Crazy Strong Metal Foam Armor Stops .50 Cal Armor Piercing Rounds

Scientists from NC State University have created a new type of armor that could replace the rolled steel sort of military applications. The team created the new armor using a composite metal foam (CMF) that is less than half the weight of normal armor but can stop .50 cal ball and armor piercing ammo.

The armor is created using a foam made with hollow, metallic spheres made of materials like stainless steel or titanium embedded in a matrix made of steel, titanium, or other metallic alloys. In their testing, the armor absorbed 72-75% of the kinetic energy of .50 cal ball rounds and 68 to 78% of the energy from armor-piercing rounds.

The researchers think that the armor could allow military vehicles to be made safer with more armor without a weight penalty, or could allow the same level of protection as conventional armor, with better fuel economy and performance.


Colorado college students were secretly used to train facial recognition

Researchers used over 1,700 photos of students and others without their permission for a facial recognition study sponsored by US military and intelligence services, according to the Colorado Springs Independent and Financial Times. While technically...

F-35 Fighter Jet Kite Feels the Need for Speed

Spring is here, and that means it’s time to get out in the park and outside to enjoy the warmer weather. That also means running around flying a kite. If you have a kid or adult who likes military aircraft, this awesome looking kite is just the ticket.

The 6-foot-long kite looks like a Lockheed Martin F-35 Lightning II fighter jet. It’s made from ripstop nylon attached to a fiberglass frame. Three under-fuselage attachment points for the string keep the kite stable. It ships with 175-feet of 85-pound test line that is very strong, so you should lose your precious kite. The kite also has a long orange tail to keep it stable.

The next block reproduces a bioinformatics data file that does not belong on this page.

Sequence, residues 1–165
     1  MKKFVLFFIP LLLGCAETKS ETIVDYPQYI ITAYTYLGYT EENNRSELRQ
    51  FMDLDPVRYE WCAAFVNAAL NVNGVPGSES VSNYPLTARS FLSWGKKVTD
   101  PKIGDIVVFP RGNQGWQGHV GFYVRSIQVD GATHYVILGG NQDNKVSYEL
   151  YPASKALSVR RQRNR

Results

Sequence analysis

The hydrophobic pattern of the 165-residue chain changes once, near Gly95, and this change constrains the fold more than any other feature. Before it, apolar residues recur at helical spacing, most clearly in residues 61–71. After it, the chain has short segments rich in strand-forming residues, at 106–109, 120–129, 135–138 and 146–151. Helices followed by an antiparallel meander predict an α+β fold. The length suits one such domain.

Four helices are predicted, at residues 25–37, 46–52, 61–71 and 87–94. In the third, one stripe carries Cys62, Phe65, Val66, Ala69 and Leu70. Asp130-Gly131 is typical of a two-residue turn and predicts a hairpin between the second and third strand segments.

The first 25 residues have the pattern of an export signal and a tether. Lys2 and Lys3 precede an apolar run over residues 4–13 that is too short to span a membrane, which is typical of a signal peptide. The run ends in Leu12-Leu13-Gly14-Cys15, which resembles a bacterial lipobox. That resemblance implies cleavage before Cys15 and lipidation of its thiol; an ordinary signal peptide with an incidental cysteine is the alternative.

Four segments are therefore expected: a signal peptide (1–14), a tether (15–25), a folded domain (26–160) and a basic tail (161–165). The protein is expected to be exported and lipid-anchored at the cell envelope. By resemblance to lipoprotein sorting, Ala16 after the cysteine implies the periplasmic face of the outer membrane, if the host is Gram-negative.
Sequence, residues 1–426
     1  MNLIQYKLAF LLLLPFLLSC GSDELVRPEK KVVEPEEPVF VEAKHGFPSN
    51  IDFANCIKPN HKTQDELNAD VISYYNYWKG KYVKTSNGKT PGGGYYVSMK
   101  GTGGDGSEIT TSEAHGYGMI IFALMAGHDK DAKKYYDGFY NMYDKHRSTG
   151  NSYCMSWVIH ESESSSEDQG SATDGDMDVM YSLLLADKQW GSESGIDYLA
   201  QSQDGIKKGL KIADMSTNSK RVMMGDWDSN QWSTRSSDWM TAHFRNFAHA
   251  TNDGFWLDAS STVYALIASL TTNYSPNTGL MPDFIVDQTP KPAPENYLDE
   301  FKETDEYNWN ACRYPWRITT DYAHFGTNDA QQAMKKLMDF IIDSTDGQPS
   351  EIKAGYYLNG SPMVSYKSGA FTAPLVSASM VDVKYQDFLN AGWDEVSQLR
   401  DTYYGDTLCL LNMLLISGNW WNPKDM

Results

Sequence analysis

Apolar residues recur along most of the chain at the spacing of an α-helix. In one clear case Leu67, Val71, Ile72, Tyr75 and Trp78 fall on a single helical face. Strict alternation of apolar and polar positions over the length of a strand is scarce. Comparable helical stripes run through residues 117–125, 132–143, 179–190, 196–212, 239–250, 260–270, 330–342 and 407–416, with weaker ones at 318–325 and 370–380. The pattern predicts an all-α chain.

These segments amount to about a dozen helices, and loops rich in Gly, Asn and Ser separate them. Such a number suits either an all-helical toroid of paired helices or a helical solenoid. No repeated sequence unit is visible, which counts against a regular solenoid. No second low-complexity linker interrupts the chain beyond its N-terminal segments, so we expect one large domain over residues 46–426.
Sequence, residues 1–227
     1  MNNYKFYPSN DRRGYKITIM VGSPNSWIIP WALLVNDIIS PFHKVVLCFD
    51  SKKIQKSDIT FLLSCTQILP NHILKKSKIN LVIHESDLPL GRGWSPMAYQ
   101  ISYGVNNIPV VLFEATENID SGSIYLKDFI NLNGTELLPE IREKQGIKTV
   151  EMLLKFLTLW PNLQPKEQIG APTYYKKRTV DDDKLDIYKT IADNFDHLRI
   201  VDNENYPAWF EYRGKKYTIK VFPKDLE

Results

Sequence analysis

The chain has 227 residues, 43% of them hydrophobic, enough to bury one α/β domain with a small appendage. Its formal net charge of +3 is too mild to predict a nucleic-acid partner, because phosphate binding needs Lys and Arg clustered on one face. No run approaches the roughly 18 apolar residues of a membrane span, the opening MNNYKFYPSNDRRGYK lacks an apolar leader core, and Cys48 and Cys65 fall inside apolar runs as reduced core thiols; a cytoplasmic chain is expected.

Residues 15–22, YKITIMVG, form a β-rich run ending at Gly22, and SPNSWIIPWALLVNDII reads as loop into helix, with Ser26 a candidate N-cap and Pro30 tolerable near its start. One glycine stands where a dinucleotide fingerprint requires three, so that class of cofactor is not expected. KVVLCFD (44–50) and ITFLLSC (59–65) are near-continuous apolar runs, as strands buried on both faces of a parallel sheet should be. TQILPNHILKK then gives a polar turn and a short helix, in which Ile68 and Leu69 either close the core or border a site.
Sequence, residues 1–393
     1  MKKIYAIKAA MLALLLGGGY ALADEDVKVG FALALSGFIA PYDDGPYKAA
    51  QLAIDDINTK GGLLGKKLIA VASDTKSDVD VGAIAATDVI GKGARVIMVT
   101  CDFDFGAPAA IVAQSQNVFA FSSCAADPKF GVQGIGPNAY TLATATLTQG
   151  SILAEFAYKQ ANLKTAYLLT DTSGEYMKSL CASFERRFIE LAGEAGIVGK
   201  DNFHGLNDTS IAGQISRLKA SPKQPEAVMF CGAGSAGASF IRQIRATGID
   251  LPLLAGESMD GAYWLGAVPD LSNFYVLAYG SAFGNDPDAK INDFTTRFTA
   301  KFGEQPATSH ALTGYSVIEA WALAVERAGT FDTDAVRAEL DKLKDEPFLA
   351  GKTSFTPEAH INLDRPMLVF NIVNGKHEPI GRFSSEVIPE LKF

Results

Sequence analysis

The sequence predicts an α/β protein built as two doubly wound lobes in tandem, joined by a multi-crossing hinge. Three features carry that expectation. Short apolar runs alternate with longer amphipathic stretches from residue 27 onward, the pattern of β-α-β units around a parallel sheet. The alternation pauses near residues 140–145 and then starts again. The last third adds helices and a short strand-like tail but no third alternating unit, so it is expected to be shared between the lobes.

Hammacher Schlemmer sells the F-35 kite for $129.95.

China Has a Military Vehicle That Launches Drones

Being one of the world’s big superpowers, China is always building up its military might. One of their many dangerous toys is this armored vehicle from Beijing Zhongzi Yanjing Auto Co. Ltd. It looks like a Humvee of sorts, but this vehicle is deadly.

Imagine this bad boy just cruising along like a regular military personnel transporter, until a bunch of launch tubes pop out of the roof. Oh sh*t! It has 12 pneumatic launch tubes capable of launching drones into the air to conduct reconnaissance missions, or to carry out “accurate suicide attacks on targets.”

Yeah, this isn’t your run of the mill military vehicle. It is death on wheels. It creates an element of surprise for an enemy. The dozen drones it carries consist of four SULA30 recon drones, which are capable of staying in the air for over an hour and eight two-meter wide SULA89 reconnaissance and attack drones, each capable of holding 4.4 lbs of explosives intended to incapacitate light armored vehicles, destroy field fortifications and kill, kill, kill.

It was recently shown off at the Beijing Civil-Military Integration Expo 2019. Hopefully, they never have to use this thing in wartime, and most definitely not against us.

[via Liu Xuanzun via Mike Shouts]

US Air Force successfully shoots down multiple missiles with a laser

The US Air Force just edged closer to its goal of outfitting aircraft with laser weapons. Testers at the White Sands Missile Range have successfully shot down multiple air-launched missiles using the Self-Protect High Energy Laser Demonstrator (SHiE...

Nikola’s new zero-emissions vehicles include a jet ski and a dune buggy

Nikola isn't messing around when it comes to its vision of a zero-emission future -- at this year's Nikola World event in Arizona the company unveiled no less than five clean vehicles, including the much-anticipated fully electric semi-trucks, Nikola...

Three teams will compete for millions in DARPA’s rocket launch challenge

Despite all of the advancements in space travel, rocket launches are still hindered by the fact that they take months, if not years, to plan and execute. Because that could slow vital military operations, DARPA created the Launch Challenge: a call fo...

US Army shows how it will use HoloLens in the field

When Microsoft employees balked at the company's $479 million HoloLens contract with the US Army, it raised a question: just what would this system look like? You now have a better idea. The Army has given CNBC an early demo of its Integrated Visua...